Texas Courts of Appeals


Texas Courts of Appeals

The Texas Courts of Appeals are part of the Texas judicial system. In Texas, all cases appealed from the district level, both criminal and civil, may be heard by one of the fourteen Texas Courts of Appeals. The exception is for cases where the death penalty is a factor; these cases go directly to the Texas Court of Criminal Appeals, the highest court in Texas for criminal cases. The highest court in Texas for civil cases is the Texas Supreme Court. The specific number of Justices that can sit in each court is regulated by statute. The total number of appellate justices in Texas is currently 80, and can range from three to thirteen for each court. Cases in appellate courts are usually heard by a panel of three judges (even if there are more available). The exception to this is when a case is heard "en banc", when all of the justices hear the case.

Like the Texas Supreme Court and Court of Criminal Appeals, Justices of the Texas Courts of Appeals are elected in partisan elections to six-year terms.

History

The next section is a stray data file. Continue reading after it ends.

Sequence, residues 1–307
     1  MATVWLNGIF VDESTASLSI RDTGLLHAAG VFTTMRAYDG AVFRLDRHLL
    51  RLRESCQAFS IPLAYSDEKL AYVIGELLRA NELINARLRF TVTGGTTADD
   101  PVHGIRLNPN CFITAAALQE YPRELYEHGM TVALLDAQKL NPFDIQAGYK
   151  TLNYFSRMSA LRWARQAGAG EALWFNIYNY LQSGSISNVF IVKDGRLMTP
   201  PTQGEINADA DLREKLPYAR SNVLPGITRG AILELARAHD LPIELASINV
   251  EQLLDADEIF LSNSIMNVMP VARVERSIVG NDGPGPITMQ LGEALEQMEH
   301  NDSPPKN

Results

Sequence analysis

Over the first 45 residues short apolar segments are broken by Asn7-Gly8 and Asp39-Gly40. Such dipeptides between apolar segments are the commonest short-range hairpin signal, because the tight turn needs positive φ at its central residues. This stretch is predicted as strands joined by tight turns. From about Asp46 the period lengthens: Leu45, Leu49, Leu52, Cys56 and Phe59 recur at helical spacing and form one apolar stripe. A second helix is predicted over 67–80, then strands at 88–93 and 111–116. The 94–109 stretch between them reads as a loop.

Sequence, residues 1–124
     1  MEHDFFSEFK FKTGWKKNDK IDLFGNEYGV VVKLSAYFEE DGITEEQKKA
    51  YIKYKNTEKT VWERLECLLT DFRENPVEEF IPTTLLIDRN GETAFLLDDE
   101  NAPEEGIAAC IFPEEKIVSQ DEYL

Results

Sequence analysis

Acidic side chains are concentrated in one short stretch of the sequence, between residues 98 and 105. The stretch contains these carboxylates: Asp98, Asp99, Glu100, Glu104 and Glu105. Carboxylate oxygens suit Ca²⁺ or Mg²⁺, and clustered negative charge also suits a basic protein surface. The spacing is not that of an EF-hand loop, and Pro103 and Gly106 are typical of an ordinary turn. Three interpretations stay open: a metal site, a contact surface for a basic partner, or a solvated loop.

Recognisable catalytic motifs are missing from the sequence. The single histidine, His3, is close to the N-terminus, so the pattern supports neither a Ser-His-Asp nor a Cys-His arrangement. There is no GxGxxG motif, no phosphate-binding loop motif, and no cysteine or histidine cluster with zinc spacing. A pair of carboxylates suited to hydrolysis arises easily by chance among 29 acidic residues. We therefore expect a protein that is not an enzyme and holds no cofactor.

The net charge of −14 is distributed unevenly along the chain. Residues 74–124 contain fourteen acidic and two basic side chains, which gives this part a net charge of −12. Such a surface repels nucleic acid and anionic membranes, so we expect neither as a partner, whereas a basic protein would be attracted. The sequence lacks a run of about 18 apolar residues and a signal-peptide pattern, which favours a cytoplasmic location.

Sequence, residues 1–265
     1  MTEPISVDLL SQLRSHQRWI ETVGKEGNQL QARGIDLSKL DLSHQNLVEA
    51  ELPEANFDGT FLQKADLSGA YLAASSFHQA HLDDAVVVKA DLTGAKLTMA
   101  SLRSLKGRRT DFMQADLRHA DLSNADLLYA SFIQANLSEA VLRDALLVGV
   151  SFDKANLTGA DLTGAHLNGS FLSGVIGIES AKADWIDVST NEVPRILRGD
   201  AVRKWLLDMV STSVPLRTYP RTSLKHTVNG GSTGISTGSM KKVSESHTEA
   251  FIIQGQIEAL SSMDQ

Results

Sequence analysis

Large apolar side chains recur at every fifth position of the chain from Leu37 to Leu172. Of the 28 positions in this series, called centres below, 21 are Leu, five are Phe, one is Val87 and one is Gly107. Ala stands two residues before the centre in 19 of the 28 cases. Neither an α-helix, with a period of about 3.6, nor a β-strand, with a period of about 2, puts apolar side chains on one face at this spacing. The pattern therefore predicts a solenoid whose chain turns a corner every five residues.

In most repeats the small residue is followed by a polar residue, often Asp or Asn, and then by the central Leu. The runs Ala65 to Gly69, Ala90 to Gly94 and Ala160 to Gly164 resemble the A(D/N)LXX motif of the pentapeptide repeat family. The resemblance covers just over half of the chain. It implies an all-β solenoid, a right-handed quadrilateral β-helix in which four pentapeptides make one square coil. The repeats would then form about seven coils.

Courts of civil appeals in Texas were established in 1891 by constitutional amendment to help handle the increasing load of the court system. They had jurisdiction to hear appeals and mandamus of any civil case from their region, with the regions decided by the legislature. The amendment provided that three-judge courts of appeals were to be created by legislature, and in 1892, the legislature created 3 courts of appeals: The First Court of Civil Appeals in Galveston, the Second Court of Civil Appeals in Fort Worth, and the Third Court of Civil Appeals in Austin. In 1893, the legislature created the Fourth Court of Civil Appeals in San Antonio out of territory taken from the first and third courts, and the Fifth Court of Appeals in Dallas. In 1907, the legislature created the Sixth Court of Civil Appeals in Texarkana. Then in 1911, the Seventh Court of Civil Appeals in Amarillo and the Eighth Court of Civil Appeals in El Paso were created. Soon after that, the Ninth Court of Civil Appeals was created in Beaumont in 1915, the Tenth was created in Waco in 1923, and the Eleventh was created in Eastland in 1925. [ [http://www.5thcoa.courts.state.tx.us/AboutCourt.htm About the Court ] ]